Jack Paar Poster


Jump to: Overview (5) | Mini Bio (1) | Spouse (2) | Trivia (13) | Personal Quotes (10)

Overview (5)

Born in Canton, Ohio, USA
Died in Greenwich, Connecticut, USA  (stroke)
Birth NameJack Harold Paar
Nickname The Boss
Height 6' (1.83 m)

Mini Bio (1)

Became host of the Tonight Show in 1957 and quickly view very popular with viewers. So popular, in fact, that the show was renamed "The Jack Paar Show" after only one year of hosting. Paar's trademark was his great ability to engage in conversation with guests that went above and beyond the generic "chat" that other hosts never rose above. He was very emotional and was known to weep on camera at times. Once he walked off the show in a huff when the network censored a joke he made referring to a "water closet". On his program he developed a regular roster of favorite guests including Zsa Zsa Gabor, Cliff Arquette, Genevieve, Hans Conreid, Hermoine Gingold, Genevieve, and Dody Goodman. After five years of hosting, he tired of the routine and switched to a weekly NBC variety series in 1962 that flopped. He next purchased a television station in Poland Springs, Maine, and sold it several years later. In 1973 he signed with ABC to compete with his NBC successor, Johnny Carson, on a limited schedule of one week a month, but failed to garner the acclaim he was once famous for.

- IMDb Mini Biography By: Keath <Keath@webtv.net>

Spouse (2)

Miriam Paar (9 October 1943 - 27 January 2004) (his death) (1 child)
Irene Gubbins (22 August 1940 - 1941) (divorced)

Trivia (13)

At the beginning of a live commercial for a sponsor's cigarette, Paar took a drag off the cigarette, exhaled a plume of smoke, faced the camera and said "Man, that's great coffee."
One of his first TV hosting jobs was on the game show Up to Paar (1952). Around the same time, he had a minor role as Marilyn Monroe's boyfriend in Love Nest (1951), one of her early films.
His TV late-night show helped ignite the careers of Carol Burnett, Woody Allen and Liza Minnelli. He also made solid enemies of columnists Dorothy Kilgallen and Walter Winchell.
An intelligent, prodding host during his heyday, he sparked international incidents after interviewing Fidel Castro in Cuba and doing his show from Berlin as the wall went up. On the positive side, he scored very well with his audiences and the behind-the-scenes executives discussing religion with Billy Graham, visiting Albert Schweitzer in Africa and for his political bantering with Richard Nixon.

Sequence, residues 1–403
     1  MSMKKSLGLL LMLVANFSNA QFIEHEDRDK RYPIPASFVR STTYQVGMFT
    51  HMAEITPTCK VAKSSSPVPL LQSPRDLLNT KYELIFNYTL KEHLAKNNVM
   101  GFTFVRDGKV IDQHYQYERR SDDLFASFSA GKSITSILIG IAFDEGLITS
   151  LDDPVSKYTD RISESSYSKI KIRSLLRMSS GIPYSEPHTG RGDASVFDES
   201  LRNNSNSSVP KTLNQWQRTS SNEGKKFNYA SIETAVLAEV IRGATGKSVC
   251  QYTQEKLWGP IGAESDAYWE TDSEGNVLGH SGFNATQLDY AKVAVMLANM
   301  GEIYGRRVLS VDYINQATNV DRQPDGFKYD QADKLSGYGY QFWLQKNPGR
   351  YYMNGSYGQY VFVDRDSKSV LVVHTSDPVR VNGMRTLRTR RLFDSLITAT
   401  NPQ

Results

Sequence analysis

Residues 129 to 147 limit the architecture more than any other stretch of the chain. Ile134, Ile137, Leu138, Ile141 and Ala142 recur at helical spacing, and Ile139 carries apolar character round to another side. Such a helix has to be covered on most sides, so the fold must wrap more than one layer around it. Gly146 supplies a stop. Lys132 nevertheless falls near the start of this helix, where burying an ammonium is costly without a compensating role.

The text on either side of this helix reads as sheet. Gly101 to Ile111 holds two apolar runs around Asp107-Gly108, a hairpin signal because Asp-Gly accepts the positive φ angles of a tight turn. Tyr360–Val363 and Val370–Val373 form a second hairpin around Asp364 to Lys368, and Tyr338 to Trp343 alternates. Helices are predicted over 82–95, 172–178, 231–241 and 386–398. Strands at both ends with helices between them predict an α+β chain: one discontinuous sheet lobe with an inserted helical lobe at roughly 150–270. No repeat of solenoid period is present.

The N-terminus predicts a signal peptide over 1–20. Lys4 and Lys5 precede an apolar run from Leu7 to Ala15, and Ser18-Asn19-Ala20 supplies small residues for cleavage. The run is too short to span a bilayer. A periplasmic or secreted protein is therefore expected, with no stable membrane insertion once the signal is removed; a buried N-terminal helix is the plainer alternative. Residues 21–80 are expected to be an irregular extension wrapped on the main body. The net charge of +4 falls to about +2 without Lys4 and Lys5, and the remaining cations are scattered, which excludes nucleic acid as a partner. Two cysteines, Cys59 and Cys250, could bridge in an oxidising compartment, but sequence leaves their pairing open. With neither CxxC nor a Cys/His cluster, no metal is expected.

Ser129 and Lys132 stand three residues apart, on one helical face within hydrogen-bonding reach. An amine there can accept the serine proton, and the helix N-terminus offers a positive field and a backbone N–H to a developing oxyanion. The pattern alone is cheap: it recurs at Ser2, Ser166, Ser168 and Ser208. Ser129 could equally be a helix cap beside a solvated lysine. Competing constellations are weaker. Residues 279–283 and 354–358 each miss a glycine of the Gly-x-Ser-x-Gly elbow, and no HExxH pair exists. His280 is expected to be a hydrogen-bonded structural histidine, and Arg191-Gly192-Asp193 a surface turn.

In 1998 he underwent triple heart bypass surgery, complicated by an embolism discovered during the operation. In March of 2003 he suffered a mild stroke.
Started off in broadcasting as a radio announcer in Cleveland and the Midwest. During World War II he entertained troops in the South Pacific with his parodies of military brass, but didn't become a radio star until the post-war years as a summer replacement on Jack Benny's radio show.
He and his wife, Miriam, had a daughter named Randy.
In 1960 he abruptly quit the show four minutes into programming after discovering that a joke of his that included the words "WC", meaning water closet (a polite term for a flush toilet) had been censored. As he left his desk, he said, "I am leaving [The Jack Paar Tonight Show (1957)]. There must be a better way of making a living than this." Several weeks later, after a formal apology from the NBC network executives, he triumphantly returned to a standing ovation from the audience. The first words he spoke were, "As I was saying before I was interrupted . . . ".
Popularized the phrase "I kid you not . . ." with which he regularly certified his flow of self-revealing stories as host of The Jack Paar Tonight Show (1957).
Cured himself of a stutter by putting buttons in his mouth and reading aloud.
He suffered from tuberculosis as a child and later worked on a railroad gang to build himself up.
Biography in: "The Scribner Encyclopedia of American Lives". Volume 7, 2003-2005, pages 409-411. Farmington Hills, MI: Thomson Gale, 2007.
Has one grandson.

Personal Quotes (10)

It's almost impossible to dislike me because I do nothing.
I'm complicated, sentimental, lovable, honest, loyal, decent, generous, likable, and lonely. My personality is not split, it's shredded.
My life seems like one big obstacle course, with me as the chief obstacle.
I kid you not . . .
Everyone thinks Ed Sullivan discovered The Beatles. That's not true. I had them on before he did. I did it because I thought they were funny, not because I liked the music. I'm a Muzak kind of guy . . . my home's like living in an elevator.
[after returning from having walked off The Jack Paar Tonight Show (1957)] As I was saying before I was interrupted . . .
I hate my emotion. Knock it off, I tell myself, but I just can't help it.
[in 1960, just before his on-air walking off The Jack Paar Tonight Show (1957) when he discovered that NBC executives had censored his monologue] There must be a better way to earn a living than this.
[on Steve Allen] I'm fond of Steve Allen, but not so much as he is.
[introducing his favorite comedian] If you were to ask me the funniest 25 people I've ever known, I'd say, "Here they are--Jonathan Winters".

See also

Other Works | Publicity Listings | Official Sites | Contact Info

Contribute to This Page